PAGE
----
At this point, you’re about done with the sharp cutting tools. Now it’s time to get into some hot steam action. That’s right fellas, it’s time to break out your iron to fuse your interfacing to your fabric.
While you should follow the instructions on your interfacing, generally they have you iron the adhesive side of the interfacing to the “wrong” side of your material (the one opposite the side you want to see when you finish it) for something like 15 seconds while it’s covered by a damp towel. Just follow the instructions and you’ll be fine (it’s a good idea to try a test piece first).
Once you’ve done that for each matching pair of fabric and interfacing, you should be left with four total pieces. Each should be a piece of fabric with interfacing fused to the “wrong” side of it, so the “right” side of the material is visible on the other side.
With us so far? Good because you’re just about to start the actual sewing, which is when the chest hair starts sprouting (your results may vary).
Step 4 – Sewing Pattern Ends Together
At this point, you’re going to be taking two ends and sewing them together to make one long half of the total bow tie. This part can be a little tricky as you want to get the length right the first time; it’s difficult to go back and fix this later.
The easiest method we found is to use an existing loose bow tie that’s your size and lie it next to your two ends, wrong side up, so that they match in length (while accounting for that 5/8” seam allowance). Alternatively, you can use a pen to mark where your actual seam should be.
Anyway… once you’ve made your mark to indicate where to sew the two pieces together, go ahead and run those through your machine so you end up with two long pieces.
You should have something like this (and by “something like”, we mean “exactly”) at this point, with the two middle sections sewn together. Feel free to trim the extra material off after you’ve sewn them together. It’s not really necessary to keep, and will probably just get in the way later.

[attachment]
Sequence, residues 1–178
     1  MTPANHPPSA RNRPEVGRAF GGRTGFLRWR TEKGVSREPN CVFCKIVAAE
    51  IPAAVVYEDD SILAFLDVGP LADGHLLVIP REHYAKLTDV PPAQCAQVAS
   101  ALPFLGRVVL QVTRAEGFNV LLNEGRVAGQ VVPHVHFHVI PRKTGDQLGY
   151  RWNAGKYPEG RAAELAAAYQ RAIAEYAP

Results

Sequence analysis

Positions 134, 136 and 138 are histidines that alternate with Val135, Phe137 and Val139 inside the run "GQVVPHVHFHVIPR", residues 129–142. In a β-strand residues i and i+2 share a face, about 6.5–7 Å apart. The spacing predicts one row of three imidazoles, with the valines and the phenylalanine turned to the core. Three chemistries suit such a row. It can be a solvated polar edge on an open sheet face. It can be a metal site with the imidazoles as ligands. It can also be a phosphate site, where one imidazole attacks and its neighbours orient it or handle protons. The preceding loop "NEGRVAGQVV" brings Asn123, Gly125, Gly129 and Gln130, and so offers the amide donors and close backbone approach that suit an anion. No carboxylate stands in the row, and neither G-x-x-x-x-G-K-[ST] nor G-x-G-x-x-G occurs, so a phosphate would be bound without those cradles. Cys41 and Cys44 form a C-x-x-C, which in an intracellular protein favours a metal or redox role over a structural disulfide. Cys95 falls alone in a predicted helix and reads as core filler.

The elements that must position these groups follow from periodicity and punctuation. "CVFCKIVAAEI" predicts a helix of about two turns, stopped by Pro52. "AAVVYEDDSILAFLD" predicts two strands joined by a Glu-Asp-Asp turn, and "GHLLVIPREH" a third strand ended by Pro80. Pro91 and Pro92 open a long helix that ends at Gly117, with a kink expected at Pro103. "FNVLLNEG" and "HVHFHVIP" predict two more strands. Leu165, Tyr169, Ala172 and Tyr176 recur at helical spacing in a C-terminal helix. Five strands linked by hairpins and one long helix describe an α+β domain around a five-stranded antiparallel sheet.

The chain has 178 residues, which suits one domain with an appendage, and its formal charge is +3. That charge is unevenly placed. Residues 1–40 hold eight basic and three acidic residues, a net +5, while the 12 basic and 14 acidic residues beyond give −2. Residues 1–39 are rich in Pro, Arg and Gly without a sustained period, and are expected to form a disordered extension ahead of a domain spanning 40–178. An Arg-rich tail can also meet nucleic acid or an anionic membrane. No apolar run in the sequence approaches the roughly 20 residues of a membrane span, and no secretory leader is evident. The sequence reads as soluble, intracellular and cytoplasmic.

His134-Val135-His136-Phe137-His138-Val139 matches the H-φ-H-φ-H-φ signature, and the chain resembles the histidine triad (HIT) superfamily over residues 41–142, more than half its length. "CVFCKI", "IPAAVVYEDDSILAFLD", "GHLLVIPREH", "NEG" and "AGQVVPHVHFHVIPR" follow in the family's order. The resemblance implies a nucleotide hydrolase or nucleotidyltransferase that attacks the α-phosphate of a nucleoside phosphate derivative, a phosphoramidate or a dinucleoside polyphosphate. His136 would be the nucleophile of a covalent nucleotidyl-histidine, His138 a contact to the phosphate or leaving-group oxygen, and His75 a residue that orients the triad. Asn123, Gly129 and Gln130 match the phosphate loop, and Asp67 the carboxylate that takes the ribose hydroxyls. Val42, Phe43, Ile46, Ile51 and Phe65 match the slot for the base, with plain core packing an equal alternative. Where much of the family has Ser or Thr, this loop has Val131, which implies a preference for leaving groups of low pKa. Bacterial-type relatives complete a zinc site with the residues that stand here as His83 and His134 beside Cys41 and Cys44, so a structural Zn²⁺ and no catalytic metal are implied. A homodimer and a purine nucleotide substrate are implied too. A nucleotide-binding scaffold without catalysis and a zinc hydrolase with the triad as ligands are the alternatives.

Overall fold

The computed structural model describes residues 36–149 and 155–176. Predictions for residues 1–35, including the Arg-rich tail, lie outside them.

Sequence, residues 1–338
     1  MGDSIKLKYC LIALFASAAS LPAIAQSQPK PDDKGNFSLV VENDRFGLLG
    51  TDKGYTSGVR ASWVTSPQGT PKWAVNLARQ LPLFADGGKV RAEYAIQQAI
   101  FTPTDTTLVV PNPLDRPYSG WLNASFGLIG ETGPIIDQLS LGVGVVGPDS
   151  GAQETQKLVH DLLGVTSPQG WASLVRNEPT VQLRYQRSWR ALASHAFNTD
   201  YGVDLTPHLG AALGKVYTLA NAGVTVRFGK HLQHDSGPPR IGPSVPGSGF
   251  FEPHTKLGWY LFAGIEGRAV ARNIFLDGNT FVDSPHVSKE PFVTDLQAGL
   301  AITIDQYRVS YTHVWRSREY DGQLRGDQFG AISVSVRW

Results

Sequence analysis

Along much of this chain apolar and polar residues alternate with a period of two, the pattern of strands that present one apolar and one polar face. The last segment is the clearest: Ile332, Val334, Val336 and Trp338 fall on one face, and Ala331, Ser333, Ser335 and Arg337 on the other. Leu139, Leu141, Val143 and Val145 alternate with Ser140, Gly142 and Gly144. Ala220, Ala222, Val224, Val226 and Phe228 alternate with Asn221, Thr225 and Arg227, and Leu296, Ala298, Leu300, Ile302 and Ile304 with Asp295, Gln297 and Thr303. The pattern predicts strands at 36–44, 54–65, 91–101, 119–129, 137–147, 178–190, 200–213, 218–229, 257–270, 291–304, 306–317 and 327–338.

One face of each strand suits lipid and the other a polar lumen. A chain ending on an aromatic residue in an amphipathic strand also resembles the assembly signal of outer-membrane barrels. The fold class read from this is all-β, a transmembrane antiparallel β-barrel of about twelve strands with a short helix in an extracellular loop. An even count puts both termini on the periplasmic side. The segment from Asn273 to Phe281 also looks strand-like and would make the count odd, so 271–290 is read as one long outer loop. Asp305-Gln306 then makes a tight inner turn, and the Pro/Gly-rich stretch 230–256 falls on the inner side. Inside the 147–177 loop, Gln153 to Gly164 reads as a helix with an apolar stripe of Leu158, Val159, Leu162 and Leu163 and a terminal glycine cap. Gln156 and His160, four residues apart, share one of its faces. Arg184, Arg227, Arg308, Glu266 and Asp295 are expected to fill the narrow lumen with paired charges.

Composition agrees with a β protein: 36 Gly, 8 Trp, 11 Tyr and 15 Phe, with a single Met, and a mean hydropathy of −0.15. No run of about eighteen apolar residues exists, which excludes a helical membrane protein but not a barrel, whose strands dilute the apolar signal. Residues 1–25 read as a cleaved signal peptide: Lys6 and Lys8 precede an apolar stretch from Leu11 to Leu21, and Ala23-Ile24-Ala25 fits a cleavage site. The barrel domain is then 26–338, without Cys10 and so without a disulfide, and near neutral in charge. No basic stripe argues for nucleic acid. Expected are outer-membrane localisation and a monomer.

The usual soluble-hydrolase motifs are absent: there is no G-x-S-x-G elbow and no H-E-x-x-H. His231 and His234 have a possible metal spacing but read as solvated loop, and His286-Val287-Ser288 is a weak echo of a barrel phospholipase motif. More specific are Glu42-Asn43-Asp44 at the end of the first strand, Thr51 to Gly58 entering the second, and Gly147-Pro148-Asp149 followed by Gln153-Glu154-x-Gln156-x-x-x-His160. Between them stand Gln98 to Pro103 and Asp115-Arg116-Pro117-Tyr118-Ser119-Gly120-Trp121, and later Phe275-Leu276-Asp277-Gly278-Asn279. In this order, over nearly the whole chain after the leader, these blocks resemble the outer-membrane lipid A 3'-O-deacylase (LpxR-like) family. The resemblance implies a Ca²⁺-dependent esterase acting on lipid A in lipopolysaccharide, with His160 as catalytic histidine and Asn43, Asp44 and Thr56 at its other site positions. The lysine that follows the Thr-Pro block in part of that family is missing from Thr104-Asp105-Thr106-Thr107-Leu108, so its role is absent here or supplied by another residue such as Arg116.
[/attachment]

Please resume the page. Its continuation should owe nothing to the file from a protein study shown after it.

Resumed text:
Step 5 – Trace Pattern / Sew Line
Alright so the next part is optional but we found it quite helpful, especially when we were first got started and had basically zero experience in sewing at all.
Essentially, you want to trace the shape of what your actual finished bow tie will be on the “wrong” side of one whole length of your material. This gives you a really clear line to follow when you’re sewing and makes it super simple to make out your corners and curves. We made our own template out of a cut-up brown paper bag which you can download here, or you can make your own.
Alternatively, if you’re confident enough to sew the whole thing by eye, knowing that you need to stay exactly 5/8” (or whatever your seam allowance is) away from the edge, have at it. Nobody (except your elitist sewing friend) will judge you for using the cheater way, though.
Whatever you decide to do, the next step is to pin the two “wrong” sides together so you can start sewing them together.